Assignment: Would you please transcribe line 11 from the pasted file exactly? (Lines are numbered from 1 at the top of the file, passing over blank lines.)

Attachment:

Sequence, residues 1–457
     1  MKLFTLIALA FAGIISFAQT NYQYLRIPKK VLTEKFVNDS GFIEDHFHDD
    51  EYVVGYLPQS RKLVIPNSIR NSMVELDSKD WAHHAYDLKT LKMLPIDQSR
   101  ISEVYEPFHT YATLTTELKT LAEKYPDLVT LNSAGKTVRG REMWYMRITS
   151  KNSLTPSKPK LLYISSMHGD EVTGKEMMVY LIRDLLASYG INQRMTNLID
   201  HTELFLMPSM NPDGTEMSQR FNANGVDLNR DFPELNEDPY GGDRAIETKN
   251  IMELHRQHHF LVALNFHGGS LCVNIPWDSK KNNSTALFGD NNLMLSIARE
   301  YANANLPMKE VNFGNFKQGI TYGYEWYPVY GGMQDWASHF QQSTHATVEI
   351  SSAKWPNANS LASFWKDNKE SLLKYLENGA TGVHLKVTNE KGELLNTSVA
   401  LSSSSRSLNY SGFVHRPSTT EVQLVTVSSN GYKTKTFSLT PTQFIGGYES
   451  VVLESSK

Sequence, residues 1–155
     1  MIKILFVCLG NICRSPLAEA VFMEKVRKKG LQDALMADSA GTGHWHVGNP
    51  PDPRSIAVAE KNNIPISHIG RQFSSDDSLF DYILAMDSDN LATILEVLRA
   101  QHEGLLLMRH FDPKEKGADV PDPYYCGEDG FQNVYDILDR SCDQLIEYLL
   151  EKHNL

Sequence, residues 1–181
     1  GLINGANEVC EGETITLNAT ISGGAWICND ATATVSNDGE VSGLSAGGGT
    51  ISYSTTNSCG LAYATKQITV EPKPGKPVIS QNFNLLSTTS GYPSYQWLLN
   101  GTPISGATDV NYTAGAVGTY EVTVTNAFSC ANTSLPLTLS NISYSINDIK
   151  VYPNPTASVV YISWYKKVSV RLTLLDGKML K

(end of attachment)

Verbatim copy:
   451  VVLESSK